Consumers across Alabama and the United States have become accustomed to convenience while shopping in stores and online. Commercial truckers play a key role in getting those goods in the hands of the American public in a prompt and reliable manner.
As the demand for goods increases, so does the need for capable, qualified drivers to transport them safely and efficiently, and according to Trucks.com, this may be leading some companies to engage in potentially unsafe hiring and retention practices. A survey of more than 2,200 trucking companies revealed that filling available semi-truck driver positions is the single largest current challenge for the industry, leading many trucking businesses to employ older Americans.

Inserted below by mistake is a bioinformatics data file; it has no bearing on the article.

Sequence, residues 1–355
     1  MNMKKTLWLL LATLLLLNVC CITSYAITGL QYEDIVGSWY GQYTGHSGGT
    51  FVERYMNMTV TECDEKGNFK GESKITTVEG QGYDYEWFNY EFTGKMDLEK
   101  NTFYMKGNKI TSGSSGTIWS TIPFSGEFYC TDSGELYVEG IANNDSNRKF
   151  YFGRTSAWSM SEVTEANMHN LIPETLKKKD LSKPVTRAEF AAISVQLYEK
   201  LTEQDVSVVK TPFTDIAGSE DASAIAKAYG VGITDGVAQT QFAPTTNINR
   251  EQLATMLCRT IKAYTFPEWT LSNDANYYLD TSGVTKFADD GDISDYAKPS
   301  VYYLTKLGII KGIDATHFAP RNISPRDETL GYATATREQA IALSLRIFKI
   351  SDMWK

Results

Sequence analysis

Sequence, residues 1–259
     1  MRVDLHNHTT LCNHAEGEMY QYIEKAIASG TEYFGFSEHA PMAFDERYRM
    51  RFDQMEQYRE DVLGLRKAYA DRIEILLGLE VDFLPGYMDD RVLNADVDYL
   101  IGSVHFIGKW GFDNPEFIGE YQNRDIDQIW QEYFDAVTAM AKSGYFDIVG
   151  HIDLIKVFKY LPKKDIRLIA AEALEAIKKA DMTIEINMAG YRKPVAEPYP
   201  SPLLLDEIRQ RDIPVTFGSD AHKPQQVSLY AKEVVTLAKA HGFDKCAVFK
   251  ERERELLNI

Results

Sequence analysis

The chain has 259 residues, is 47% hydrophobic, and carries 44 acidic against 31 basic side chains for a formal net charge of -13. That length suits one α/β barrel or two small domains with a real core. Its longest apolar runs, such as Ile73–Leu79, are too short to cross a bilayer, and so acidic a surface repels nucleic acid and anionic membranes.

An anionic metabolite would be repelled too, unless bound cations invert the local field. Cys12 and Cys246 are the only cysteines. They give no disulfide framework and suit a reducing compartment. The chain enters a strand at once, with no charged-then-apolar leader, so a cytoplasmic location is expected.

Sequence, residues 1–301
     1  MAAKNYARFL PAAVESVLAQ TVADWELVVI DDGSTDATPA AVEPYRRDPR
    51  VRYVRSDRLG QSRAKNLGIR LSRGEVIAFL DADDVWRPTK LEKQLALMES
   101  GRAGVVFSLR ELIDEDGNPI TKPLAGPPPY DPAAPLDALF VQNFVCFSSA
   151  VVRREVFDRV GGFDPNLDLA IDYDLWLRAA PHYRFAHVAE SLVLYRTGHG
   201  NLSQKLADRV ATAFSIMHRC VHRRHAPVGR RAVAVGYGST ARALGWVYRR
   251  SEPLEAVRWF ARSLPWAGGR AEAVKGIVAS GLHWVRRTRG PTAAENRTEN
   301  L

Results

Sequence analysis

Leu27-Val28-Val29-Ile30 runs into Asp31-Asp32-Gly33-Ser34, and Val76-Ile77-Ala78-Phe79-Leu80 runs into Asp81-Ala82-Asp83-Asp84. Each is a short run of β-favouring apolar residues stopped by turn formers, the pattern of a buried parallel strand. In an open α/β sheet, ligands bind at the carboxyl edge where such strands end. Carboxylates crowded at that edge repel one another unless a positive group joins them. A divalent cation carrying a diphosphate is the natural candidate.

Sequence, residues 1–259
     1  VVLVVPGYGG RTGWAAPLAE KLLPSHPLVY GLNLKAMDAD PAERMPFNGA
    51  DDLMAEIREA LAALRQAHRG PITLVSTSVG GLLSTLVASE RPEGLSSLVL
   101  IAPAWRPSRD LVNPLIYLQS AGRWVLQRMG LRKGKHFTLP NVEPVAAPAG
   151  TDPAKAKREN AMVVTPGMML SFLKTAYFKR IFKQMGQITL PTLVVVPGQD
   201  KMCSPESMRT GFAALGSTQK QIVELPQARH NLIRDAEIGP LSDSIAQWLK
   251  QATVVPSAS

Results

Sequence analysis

This may pose a new set of risks for the country’s motorists, however, with CBSNews.com reporting that semi-truck drivers over the age of 70 were responsible for 679 trucking accidents on Alabama roadwaysbetween 2013 and 2015. Nationally, accidents involving truck and bus drivers over 70 years old spiked 19 percent during that same period.
There are federal laws in place that prevent employers from refusing to hire a person because of his or her age. However, federal authorities acknowledge that older drivers are more likely to experience issues with the ability to react quickly in a dangerous situationand other physical impediments to safe driving. Even so, there is no mandatory retirement age for commercial truck drivers. With some trucking schools addressing the estimated shortage of 48,000 drivers by actively recruiting older adults, truck-related crashes on American roadways may rise as a result.